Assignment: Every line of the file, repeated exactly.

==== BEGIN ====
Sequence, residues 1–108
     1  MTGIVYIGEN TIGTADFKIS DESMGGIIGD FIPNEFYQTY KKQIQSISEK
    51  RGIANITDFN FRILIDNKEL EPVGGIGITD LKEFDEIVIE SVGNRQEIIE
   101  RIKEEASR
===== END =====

Sequence, residues 1–108
     1  MTGIVYIGEN TIGTADFKIS DESMGGIIGD FIPNEFYQTY KKQIQSISEK
    51  RGIANITDFN FRILIDNKEL EPVGGIGITD LKEFDEIVIE SVGNRQEIIE
   101  RIKEEASR